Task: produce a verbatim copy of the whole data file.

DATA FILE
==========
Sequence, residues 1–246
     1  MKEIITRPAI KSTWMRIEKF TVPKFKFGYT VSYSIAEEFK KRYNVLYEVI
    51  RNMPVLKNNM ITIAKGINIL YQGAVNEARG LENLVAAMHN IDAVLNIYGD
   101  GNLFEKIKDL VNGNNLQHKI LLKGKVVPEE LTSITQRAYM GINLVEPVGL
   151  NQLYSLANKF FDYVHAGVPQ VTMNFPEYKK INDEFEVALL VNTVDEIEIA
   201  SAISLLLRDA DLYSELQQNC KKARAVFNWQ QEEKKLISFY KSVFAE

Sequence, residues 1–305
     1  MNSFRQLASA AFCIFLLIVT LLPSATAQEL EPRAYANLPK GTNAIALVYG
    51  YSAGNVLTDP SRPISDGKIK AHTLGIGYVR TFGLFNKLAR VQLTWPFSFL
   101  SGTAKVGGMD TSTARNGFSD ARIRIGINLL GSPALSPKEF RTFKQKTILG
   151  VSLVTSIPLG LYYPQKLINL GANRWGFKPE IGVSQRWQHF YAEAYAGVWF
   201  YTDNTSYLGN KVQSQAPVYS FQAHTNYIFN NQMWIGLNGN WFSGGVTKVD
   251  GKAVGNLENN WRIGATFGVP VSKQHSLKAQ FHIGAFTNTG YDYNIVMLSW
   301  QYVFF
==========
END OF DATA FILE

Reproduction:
Sequence, residues 1–246
     1  MKEIITRPAI KSTWMRIEKF TVPKFKFGYT VSYSIAEEFK KRYNVLYEVI
    51  RNMPVLKNNM ITIAKGINIL YQGAVNEARG LENLVAAMHN IDAVLNIYGD
   101  GNLFEKIKDL VNGNNLQHKI LLKGKVVPEE LTSITQRAYM GINLVEPVGL
   151  NQLYSLANKF FDYVHAGVPQ VTMNFPEYKK INDEFEVALL VNTVDEIEIA
   201  SAISLLLRDA DLYSELQQNC KKARAVFNWQ QEEKKLISFY KSVFAE

Sequence, residues 1–305
     1  MNSFRQLASA AFCIFLLIVT LLPSATAQEL EPRAYANLPK GTNAIALVYG
    51  YSAGNVLTDP SRPISDGKIK AHTLGIGYVR TFGLFNKLAR VQLTWPFSFL
   101  SGTAKVGGMD TSTARNGFSD ARIRIGINLL GSPALSPKEF RTFKQKTILG
   151  VSLVTSIPLG LYYPQKLINL GANRWGFKPE IGVSQRWQHF YAEAYAGVWF
   201  YTDNTSYLGN KVQSQAPVYS FQAHTNYIFN NQMWIGLNGN WFSGGVTKVD
   251  GKAVGNLENN WRIGATFGVP VSKQHSLKAQ FHIGAFTNTG YDYNIVMLSW
   301  QYVFF